In high school, my English teacher stopped me after class one day and asked me if I would like to take her creative writing class. I said, no, I wasn’t interested. Little did I know that one day I would write stories and books for children.
It all started when my children were young and we went to the library every week for stories to read to them. I searched for one particular story that I had read in the fifth grade. I wanted to read it again. I couldn’t remember the title or the author, but I did remember that it was about a girl who went to music camp. I never did find the book, but I had an idea–I would write my own book about a girl who went to music camp. That was my first book. Since then I’ve written several books and short stories and have picked up some useful hints for writing.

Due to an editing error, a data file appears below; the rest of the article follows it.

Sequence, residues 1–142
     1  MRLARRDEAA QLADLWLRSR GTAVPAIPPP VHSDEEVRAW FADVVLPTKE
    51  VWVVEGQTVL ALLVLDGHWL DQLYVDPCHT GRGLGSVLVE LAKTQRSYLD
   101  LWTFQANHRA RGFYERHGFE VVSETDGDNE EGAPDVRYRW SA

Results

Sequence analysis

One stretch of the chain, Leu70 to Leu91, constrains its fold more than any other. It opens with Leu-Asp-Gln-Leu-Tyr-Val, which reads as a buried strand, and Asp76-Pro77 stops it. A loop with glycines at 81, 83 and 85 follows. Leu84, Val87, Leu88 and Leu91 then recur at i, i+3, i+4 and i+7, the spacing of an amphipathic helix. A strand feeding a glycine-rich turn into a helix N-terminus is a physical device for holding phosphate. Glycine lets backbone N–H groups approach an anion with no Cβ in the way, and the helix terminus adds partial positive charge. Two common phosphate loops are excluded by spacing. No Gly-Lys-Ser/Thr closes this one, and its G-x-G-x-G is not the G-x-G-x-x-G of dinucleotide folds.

My hints for writing:
1. Make your first sentence or two, a “grabber.”
A “grabber” grabs the reader’s attention and peeks his curiosity to read more.
Examples from some of my books and stories:
1. Robin was alone in the practice room at Music Camp. She tingled with excitement as she stared at the jumbled words printed on a scrap of yellow paper she’d discovered in her music folder. — from “Music Camp Mystery.”
2. “Happy Birthday Little Princess.” — from “Japanese Puzzle Box Mystery”
3, “I’m curious. Where does Carlos Cat go every night?” said Rosco Rabbit to Freddy Frog. — from “Backyard Friends A to Z : Carlos Cat”.
4. “Help me! Oh, help me! I’m turning green!” squealed Rosco Rabbit. — from “Backyard Friends A to Z : Rosco Rabbit”.
5. “Shh,” whispered Robin putting her finger to her lips. Do you hear that?” — from “Music Camp Mystery II at Pine Lake”.
6, “I wonder what it would be like to live in a world without any boys to bother us or tease us,” said Ruby unexpectedly. — from “No Boys Mystery”